Monday, April 12, 2004

Violence, non-violence, creativity, and human destiny

Some musings on a Monday morning as I review my e-mail, especially an e-mail from a friend that reminds me that we must all encourage each other to be more creative. And more thoughts as a result of a phone conversation with another friend where we offer help her achieve her dreams...

Violence is when the action of one person reduces of options available to another person. By this I do not mean just physical, but all forms of violence including intimidation, degradation, abuse, etc.

Non-violence is when the action of one person increases the options available to another person.

Creativity is the way human beings take responsibility for being non-violent; we create options.

Why be non-violent? Why be creative? Because by increasing the options we have open to us we increase the likelihood that we will make a better choice.

What is a better choice versus a worse choice? What do we use to judge good choices from bad choices? The measuring stick I use most often, because it leads me in the direction of my faith in life, is, "Choosing the option that will result in the greatest likelihood that life will continue to exist for all time."

To achieve our humanity, we are responsible for being creative (increasing options) and making a good choices (that which promotes life).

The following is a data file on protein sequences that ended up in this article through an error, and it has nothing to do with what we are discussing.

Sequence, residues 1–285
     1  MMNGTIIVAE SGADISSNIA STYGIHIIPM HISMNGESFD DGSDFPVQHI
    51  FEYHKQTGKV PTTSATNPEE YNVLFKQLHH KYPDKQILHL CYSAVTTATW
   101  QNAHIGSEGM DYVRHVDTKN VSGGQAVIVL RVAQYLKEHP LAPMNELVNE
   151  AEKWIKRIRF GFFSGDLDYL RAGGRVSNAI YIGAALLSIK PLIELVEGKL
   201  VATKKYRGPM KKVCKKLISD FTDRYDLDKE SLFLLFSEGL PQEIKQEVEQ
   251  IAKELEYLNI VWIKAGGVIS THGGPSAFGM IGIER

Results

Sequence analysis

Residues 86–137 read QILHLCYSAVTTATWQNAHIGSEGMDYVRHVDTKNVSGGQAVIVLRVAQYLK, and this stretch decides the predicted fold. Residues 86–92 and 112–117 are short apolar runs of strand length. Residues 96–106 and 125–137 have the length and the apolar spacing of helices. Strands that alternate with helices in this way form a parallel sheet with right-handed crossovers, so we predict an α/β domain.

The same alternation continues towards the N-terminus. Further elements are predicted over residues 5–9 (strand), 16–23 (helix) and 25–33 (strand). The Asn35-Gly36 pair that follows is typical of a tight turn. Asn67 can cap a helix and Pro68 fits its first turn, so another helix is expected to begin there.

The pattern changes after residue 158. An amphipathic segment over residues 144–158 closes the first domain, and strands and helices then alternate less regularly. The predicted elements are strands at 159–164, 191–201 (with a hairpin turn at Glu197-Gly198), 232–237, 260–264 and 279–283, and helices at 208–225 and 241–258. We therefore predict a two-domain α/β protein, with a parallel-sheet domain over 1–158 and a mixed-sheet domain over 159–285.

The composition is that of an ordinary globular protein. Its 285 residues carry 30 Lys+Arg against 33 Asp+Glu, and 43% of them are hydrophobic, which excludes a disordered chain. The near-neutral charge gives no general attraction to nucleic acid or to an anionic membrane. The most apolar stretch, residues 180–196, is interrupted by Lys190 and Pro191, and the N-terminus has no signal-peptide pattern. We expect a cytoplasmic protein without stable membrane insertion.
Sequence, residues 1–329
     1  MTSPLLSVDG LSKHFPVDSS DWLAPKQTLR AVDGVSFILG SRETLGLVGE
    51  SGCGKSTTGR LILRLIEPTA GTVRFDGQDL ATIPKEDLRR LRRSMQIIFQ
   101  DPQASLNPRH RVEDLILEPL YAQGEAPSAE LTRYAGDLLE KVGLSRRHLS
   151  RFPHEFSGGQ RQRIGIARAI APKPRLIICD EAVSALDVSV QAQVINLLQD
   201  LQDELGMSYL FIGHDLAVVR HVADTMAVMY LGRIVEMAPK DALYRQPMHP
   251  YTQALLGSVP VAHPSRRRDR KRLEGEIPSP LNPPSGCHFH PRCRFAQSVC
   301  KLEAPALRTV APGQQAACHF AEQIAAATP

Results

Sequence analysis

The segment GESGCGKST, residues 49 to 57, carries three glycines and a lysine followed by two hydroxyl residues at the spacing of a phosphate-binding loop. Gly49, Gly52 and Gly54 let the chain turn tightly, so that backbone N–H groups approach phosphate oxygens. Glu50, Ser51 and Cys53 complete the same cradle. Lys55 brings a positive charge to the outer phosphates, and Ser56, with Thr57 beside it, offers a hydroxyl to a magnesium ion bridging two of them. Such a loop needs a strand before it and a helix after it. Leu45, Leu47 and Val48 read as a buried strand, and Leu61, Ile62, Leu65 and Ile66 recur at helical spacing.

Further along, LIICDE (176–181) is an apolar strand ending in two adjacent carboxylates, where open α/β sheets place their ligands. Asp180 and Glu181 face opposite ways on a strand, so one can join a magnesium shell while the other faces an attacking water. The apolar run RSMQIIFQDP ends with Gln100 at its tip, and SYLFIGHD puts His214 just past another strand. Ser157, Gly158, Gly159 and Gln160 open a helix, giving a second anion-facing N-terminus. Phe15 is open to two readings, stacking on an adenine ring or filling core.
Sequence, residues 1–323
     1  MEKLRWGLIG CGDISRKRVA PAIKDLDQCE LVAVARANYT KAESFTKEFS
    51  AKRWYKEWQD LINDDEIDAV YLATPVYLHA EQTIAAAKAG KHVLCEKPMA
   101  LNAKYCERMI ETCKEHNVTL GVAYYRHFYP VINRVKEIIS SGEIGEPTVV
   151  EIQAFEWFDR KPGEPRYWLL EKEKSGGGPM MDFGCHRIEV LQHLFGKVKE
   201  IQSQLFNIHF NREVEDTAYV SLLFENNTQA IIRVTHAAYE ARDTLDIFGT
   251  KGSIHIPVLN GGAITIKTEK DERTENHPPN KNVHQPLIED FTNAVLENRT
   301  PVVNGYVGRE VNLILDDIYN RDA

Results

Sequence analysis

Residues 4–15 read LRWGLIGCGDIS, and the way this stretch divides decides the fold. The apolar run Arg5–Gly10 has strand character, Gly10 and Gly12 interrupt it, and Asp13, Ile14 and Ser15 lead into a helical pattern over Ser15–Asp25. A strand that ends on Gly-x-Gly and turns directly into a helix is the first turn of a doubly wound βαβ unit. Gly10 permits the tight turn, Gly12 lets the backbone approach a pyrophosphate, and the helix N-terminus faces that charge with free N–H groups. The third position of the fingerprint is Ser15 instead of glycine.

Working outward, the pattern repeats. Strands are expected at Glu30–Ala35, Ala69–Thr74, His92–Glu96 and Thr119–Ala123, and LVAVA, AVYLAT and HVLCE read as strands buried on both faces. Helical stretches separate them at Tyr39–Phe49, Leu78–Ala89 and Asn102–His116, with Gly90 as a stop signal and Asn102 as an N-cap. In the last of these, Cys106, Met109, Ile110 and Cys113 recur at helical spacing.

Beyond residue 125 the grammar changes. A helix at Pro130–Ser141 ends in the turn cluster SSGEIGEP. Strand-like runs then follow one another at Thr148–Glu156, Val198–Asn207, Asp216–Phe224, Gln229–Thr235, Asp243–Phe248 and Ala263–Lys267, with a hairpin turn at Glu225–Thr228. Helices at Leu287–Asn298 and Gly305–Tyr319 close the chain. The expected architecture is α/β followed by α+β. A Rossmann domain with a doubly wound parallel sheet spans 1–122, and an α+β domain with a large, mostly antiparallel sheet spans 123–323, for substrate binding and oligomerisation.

Note: I use the noun "person", but these statements apply to all living things, not just human beings. However, because human beings are better at remembering the past and imagining the future, human beings are more capable than plants and other animals of, and more responsible than plants and other animals for, making good choices.

Note: We often discuss a person's intention when judging a person's behavior. The intention to do something implies that the entity which is doing something has the ability to see options, and judge the value of the options, prior to choosing an option. Does a rock rolling down a hill have intention? No, it is not making choices based on imagined options. Does a rabbit jumping out of the way of the rock rolling down the hill have intention? Yes, because the rabbit jumps out of the way to avoid the option of being hit by the rock. The level of intention depends directly on the ability of the entity to imagine and understand their responsibility for events in the future. The better able the entity is to see options and imagine the future results of choosing these options, the more the entity can be held responsible for its intention. Human beings have a greater ability to create options and to imagine the future results of their choices between different options than other life forms on this planet. We are responsible and are held to the highest standard of intention of any live form on Earth. If life forms do not survive, human beings must carry the most responsibility.

April 12, 2004

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